That article and your post bothered me… for one, it’s “complete” not “clear”. And if all you do is go for easy achievements, you’re not much of a gamer. I think it’s best to play through great games, have fun, and complete them over time. Sure, it may be a little harder or time consuming, but playing one great game is infinitely better than playing 10 crappy games. With (site name), difficulty is rewarded and that’s pushed me to play some harder games. You won’t see Avatar, King Kong, CSI, etc. on my profile ever.

Play awesome games, get the achievements you can on those, and don’t worry about raising a pointless number with crappy easy games that aren’t worth the time or money.“

So, you would think that, within a community devoted to the idea of raising a number that most people don’t care about, the people associated would generally be a bit more… understanding, but, no. Now, I am going to make the point that several other members of the community came in and basically made the obvious point that I intend to make shortly, because by and large the community does seem to understand the point I’m going to make. That said, however, at the end of the day, the realization I came to was a simple one:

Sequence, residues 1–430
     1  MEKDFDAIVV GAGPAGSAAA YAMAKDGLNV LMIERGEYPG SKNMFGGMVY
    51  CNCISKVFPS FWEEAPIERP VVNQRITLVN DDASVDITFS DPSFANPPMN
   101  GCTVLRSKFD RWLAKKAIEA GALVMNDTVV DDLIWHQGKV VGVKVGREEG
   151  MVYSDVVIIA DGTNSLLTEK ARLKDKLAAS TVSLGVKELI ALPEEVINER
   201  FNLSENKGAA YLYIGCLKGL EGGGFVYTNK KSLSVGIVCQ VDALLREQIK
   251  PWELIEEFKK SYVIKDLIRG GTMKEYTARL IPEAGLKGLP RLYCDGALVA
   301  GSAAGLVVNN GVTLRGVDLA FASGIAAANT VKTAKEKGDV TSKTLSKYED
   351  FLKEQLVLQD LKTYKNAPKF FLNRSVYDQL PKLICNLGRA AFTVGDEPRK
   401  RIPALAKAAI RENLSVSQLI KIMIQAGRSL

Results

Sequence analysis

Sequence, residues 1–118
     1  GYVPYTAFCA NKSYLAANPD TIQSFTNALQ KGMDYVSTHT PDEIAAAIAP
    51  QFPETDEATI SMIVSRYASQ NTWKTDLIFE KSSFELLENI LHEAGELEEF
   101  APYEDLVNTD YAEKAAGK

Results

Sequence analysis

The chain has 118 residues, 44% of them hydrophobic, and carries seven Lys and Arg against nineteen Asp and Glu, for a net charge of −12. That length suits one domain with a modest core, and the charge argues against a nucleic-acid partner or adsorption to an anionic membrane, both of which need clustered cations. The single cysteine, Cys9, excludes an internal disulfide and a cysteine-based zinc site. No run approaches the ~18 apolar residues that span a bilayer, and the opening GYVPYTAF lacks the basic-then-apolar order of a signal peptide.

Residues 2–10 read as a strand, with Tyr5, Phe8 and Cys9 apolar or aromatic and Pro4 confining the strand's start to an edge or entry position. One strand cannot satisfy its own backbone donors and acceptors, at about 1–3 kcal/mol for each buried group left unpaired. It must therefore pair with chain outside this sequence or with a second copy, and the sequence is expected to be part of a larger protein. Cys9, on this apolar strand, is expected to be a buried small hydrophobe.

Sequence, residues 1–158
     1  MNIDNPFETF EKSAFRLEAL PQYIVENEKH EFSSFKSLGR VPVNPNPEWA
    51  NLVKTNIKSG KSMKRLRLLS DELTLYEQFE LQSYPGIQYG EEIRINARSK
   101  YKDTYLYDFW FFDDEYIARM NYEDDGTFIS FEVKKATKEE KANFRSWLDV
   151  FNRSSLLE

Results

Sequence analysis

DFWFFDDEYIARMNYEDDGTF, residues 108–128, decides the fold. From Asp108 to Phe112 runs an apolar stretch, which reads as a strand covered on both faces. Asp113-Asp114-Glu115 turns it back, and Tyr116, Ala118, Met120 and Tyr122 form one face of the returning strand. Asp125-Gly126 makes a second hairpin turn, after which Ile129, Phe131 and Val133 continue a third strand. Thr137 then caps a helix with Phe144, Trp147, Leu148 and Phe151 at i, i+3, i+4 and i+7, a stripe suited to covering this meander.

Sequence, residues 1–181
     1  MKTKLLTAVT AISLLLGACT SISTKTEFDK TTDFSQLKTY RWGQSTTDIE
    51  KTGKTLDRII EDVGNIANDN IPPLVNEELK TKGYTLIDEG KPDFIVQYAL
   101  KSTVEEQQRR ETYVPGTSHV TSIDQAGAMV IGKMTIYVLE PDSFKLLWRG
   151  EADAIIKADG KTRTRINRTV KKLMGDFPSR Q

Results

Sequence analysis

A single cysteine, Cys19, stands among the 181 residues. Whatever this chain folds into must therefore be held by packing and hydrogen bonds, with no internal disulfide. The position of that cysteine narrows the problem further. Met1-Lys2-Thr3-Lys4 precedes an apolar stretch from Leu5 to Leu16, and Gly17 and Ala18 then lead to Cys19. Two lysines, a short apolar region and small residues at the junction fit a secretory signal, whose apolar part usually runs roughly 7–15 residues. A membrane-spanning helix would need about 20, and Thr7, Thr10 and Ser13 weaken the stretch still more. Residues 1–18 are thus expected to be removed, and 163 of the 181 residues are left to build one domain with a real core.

No matter what you do, someone, somewhere, will always be judgmental of how you choose to spend your free time, because someone, somewhere, always has to be better than you.